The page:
Bret Shuford with Andrea Marcovicci in Lady in the Dark (courtesy Bret Shuford)

 

Bret Shuford

As Prince Eric in The Little Mermaid, Broadway veteran Bret Shuford kissed Ariel countless times onstage. But his first professional kiss happened years before in a regional theater production of Lady in the Dark, featuring cabaret star Andrea Marcovicci. Shuford played Marcovicci’s high school sweetheart and had to kiss her during a flashback scene. “She’s twice my age,” says Shuford, who was 22 at the time. “When we got to that part, I was supposed to be the one kissing her,” he remembers, “but she was the one kissing me! I just went with it.”

Peter Chu in Dark Matters (Eric Beauchesne/Kidd Pivot)

Peter Chu

Peter Chu was going over his choreography before the premiere of Crystal Pite’s Dark Matters at the National Arts Centre in Canada. Pite, who was also his partner for the work’s last duet, gave him a note. “By the way,” she said, “I think you should kiss me.”

Chu was so nervous that he ran back to his dressing room and started practicing the kiss on the back of his hand, all the time worrying that someone was going to walk in on him. “It’s a beautiful show with amazing dancers,” he says, “but I was more stressed about how to kiss her! You don’t want to bump teeth or anything.” So how did it go during the performance? “It was a passionate, desirable kiss,” Chu says. “Very honest.”

Lauren Gottlieb and Dominic Sandoval performing their rumba on “So You Think You Can Dance” (KELSEY MCNEAL/FOX)

Lauren Gottlieb

On Season 3 of “SYTYCD,” Lauren Gottlieb and Dominic Sandoval wowed the crowd with their rumba. But it wasn’t their dancing that got all the attention—it was their kiss (the first ever on the show)! “When we practiced it in front of the choreographers, they flipped out,” Gottlieb says. “They thought it was way too much.”

Gottlieb and Sandoval decided to run with it. “We went for the shock factor,” Gottlieb says. “But I was young—19—and my boyfriend and whole extended family were in the audience!” Gottlieb was also overwhelmed by the millions of people watching at home. Her nerves caused an awkward moment at the end when they were both breathing so hard their lips came apart. “He tried to go back in and my head was moving away,” she says.

The Juliets|For some ballerinas, the first onstage kiss is a gentle peck on the lips in

The Sleeping Beauty or an innocent smooch in La Fille mal gardée. But these ballet dancers were thrown into the deep end, having to bring the passion in Romeo and Juliet.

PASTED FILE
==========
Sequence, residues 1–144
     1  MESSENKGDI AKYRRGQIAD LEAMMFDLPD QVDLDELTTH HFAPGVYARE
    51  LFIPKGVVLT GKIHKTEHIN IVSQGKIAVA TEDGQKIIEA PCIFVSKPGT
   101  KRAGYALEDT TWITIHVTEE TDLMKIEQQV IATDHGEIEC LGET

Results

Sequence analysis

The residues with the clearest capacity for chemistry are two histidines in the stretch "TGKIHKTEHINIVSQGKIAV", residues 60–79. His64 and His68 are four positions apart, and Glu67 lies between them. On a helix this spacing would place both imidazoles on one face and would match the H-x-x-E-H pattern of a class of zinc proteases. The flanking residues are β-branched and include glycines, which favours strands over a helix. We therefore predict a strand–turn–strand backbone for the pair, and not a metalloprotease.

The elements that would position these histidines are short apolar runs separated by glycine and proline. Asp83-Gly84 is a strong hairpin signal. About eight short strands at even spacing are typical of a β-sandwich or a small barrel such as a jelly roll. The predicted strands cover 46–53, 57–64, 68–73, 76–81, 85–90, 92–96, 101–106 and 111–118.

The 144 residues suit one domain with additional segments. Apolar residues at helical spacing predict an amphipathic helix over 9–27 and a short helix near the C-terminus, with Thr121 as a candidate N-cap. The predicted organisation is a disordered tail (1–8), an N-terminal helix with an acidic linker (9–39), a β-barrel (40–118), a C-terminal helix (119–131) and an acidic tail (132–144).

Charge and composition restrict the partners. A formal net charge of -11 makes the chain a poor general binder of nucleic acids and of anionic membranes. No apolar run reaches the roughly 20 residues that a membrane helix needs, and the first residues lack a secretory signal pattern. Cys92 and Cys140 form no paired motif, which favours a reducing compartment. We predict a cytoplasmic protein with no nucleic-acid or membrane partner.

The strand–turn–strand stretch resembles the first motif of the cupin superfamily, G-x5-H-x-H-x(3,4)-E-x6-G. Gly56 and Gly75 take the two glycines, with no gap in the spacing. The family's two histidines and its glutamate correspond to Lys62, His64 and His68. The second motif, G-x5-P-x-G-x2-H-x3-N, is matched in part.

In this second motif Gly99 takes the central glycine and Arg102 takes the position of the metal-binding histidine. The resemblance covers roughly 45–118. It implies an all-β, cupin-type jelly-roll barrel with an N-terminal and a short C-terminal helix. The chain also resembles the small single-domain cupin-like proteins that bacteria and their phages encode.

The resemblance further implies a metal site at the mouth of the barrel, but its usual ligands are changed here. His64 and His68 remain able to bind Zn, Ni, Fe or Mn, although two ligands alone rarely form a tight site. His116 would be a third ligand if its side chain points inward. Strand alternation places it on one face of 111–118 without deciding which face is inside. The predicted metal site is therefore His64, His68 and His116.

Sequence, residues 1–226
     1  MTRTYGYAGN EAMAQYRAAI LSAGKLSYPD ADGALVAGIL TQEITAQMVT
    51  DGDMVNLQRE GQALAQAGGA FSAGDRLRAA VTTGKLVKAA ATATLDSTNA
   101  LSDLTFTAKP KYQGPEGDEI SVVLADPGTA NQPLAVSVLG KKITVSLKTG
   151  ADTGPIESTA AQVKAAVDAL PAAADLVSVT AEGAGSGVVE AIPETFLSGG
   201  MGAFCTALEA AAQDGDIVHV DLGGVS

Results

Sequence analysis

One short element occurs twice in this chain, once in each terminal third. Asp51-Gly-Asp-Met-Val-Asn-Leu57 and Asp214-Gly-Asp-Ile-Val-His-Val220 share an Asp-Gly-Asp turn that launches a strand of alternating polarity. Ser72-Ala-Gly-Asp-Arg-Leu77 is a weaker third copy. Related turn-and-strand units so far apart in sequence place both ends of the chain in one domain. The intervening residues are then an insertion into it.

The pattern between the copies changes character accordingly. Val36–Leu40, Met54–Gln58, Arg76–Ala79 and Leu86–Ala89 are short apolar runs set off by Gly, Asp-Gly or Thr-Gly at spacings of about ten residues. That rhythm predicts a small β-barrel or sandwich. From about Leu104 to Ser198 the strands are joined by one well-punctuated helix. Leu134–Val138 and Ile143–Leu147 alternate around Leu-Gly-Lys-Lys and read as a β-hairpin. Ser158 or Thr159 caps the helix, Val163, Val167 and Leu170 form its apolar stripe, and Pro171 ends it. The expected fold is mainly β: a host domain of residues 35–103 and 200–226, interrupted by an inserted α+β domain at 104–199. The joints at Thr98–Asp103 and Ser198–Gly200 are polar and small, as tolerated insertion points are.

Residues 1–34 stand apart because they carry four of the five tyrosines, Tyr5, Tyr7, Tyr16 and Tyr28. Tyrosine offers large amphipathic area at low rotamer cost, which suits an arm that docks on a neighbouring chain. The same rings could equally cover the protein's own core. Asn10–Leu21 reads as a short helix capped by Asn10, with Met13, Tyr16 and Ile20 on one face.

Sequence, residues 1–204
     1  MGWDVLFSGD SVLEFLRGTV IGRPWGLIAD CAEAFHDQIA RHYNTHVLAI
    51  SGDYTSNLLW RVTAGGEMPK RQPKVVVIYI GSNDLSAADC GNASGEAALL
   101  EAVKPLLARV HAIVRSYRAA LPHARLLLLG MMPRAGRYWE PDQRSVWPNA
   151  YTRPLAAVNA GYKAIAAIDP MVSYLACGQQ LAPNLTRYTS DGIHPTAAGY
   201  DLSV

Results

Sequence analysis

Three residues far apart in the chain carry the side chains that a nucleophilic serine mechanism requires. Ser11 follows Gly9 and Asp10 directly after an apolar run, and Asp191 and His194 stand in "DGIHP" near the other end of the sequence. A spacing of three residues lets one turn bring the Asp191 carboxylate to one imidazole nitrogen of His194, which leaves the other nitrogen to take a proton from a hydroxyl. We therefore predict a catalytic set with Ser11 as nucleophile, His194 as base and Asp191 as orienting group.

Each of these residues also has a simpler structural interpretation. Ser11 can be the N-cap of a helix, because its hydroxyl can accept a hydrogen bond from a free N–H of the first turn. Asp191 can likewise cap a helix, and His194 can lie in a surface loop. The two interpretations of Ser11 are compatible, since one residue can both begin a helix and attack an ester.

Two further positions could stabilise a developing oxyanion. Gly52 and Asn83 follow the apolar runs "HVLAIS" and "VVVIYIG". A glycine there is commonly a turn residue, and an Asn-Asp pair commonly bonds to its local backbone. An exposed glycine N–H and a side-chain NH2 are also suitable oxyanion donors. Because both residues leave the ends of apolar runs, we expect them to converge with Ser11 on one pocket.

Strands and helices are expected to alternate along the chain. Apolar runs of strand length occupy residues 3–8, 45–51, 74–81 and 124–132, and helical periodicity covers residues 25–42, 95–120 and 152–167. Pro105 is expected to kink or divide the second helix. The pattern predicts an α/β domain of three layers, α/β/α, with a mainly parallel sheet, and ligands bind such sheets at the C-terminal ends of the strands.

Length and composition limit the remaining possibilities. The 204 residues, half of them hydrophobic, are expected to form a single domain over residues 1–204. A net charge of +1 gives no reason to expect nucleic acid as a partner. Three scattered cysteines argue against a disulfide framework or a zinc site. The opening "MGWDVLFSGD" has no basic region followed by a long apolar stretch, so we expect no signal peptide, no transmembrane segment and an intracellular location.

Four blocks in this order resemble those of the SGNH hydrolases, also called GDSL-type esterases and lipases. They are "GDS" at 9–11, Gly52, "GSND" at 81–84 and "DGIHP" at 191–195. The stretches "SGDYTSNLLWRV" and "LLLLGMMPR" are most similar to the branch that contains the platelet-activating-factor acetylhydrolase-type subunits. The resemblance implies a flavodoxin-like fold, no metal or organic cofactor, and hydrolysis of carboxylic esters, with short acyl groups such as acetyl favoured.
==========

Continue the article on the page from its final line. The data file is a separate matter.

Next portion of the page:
Carla Körbes with former Pacific Northwest Ballet principal Lucien Postlewaite in Roméo et Juliette (Angela Sterling)

Carla Körbes

In Jean-Christophe Maillot’s Roméo et Juliette, Pacific Northwest Ballet principal Carla Körbes has to do more than just kiss her partner. “There’s a section where we’re rolling around in bed kissing,” Körbes says. “Then we go under the covers.” She and her partner, Lucien Postlewaite, rehearsed it in the studio so they wouldn’t feel awkward later. “It was more like acting than a ballet kiss,” she says. “It felt like a movie experience.”

Luckily for Körbes, what shows on film doesn’t always show onstage. “The first time, my nose was kind of running and I was crying during the second act,” she says. “We were kissing and all of a sudden there was snot everywhere! At that point we didn’t know what was happening, but when we got offstage, we were dying laughing.”

Sterling Hyltin and Robert Fairchild in Peter Martins’ Romeo + Juliet (Paul Kolnik)

Sterling Hyltin

“When you’re doing something like Romeo + Juliet, everything from an arabesque to the kiss is full of meaning,” says Sterling Hyltin, a principal with New York City Ballet. Hyltin was 21 when Peter Martins choreographed the tragic love story for her and NYCB’s Robert Fairchild.

“I didn’t know if he would kiss me in rehearsals,” she says. “But it happened from the get-go. It was happening in the music, so that’s what we did.” Six years later, Hyltin says she and Fairchild save the kiss for the stage. “All that matters is the moment,” Hyltin says. “If you really believe what you’re doing, there’s nothing strange about kissing somebody you don’t kiss in real life.”

Victoria Jaiani in After the Rain (Herbert Migdoll)

Victoria Jaiani

At 18, Victoria Jaiani danced her first Juliet with Joffrey Ballet. “They hired Jason Reilly, then a principal from Stuttgart Ballet, to come dance with me,” she says. “He was an incredible partner and everything worked out well, even though we only had a few days to rehearse before we got onstage.”

The first time they rehearsed full-out in the studio, Jaiani felt comfortable. “You get so involved and live in the moment,” she says. “It felt natural to kiss him. It would’ve been weird not to. I wanted to be kissed.” Jaiani remembers the first show, at the end of the balcony scene, when her Romeo unexpectedly gave her an extra goodnight kiss. “I was surprised because we hadn’t rehearsed it that way,” she says. “It just happened.”